Atopic dermatitis (AD) is characterized by chronic, eczematous, severe pruritic skin lesions caused by skin barrier dysfunction and T helper (Th)2 cell-mediated immunity. Interleukin (IL)-31 is a potent pruritogenic cytokine primarily produced by Th2 cells. Both IL-31 transgenic mice and wild-type mice treated with IL-31 exhibit AD-like skin lesions and scratching behaviour. IL-31 receptor α-chain (IL-31RA) are also expressed in peripheral nerves and epidermal keratinocytes, and the roles of IL-31 on pruritus and skin barrier have been investigated...
March 9, 2018: Experimental Dermatology
Neil H Riordan, Isabela Morales, Giselle Fernández, Nicole Allen, Neal E Fearnot, Michael E Leckrone, Dedra Jones Markovich, Darla Mansfield, Dorita Avila, Amit N Patel, Santosh Kesari, Jorge Paz Rodriguez
BACKGROUND: Multiple sclerosis (MS) is a progressively debilitating neurological condition in which the immune system abnormally erodes the myelin sheath insulating the nerves. Mesenchymal stem cells (MSC) have been used in the last decade to safely treat certain immune and inflammatory conditions. METHODS: A safety and feasibility study was completed on the use of umbilical cord MSC (UCMSC) as a treatment for MS. In this 1-year study, consenting subjects received seven intravenous infusions of 20 × 106 UCMSC over 7 days...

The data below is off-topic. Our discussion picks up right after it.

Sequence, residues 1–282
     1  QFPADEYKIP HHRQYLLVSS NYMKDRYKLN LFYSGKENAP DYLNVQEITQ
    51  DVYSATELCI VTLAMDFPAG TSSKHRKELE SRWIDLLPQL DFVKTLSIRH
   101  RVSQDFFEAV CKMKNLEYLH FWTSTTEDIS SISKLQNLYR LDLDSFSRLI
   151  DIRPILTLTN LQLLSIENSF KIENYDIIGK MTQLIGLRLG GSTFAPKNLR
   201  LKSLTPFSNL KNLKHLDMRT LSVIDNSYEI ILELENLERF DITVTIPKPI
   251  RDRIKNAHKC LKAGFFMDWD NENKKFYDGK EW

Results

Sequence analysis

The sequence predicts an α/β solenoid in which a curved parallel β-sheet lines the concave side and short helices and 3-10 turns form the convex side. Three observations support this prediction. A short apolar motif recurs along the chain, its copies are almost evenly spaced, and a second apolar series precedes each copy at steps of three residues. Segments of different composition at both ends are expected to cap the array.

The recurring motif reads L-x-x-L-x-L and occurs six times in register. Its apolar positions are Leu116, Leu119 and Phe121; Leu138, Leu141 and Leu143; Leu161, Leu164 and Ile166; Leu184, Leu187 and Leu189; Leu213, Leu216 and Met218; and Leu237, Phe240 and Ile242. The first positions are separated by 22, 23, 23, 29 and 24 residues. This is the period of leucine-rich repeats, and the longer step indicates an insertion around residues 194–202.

March 9, 2018: Journal of Translational Medicine
I Mori
The blood-nerve barrier (BNB) shields peripheral nerves from the blood in order to maintain the homeostasis of the nervous system. In the field of infectious diseases, little information is currently available concerning the BNB. Recently documented evidence in virology suggests that elevated permeability of the BNB by immune cells and the natural absence of the BNB in the olfactory mucosa play significant roles in neuroprotection as well as neuropathogenesis. Importantly, the BNB can behave more flexibly than previously thought...
2018: Acta Virologica
Katherine D Walton, Darcy Mishkind, Misty R Riddle, Clifford J Tabin, Deborah L Gumucio
Efficient absorption of nutrients by the intestine is essential for life. In mammals and birds, convolution of the intestinal surface into finger-like projections called villi is an important adaptation that ensures the massive surface area for nutrient contact that is required to meet metabolic demands. Each villus projection serves as a functional absorptive unit: it is covered by a simple columnar epithelium that is derived from endoderm and contains a mesodermally derived core with supporting vasculature, lacteals, enteric nerves, smooth muscle, fibroblasts, myofibroblasts, and immune cells...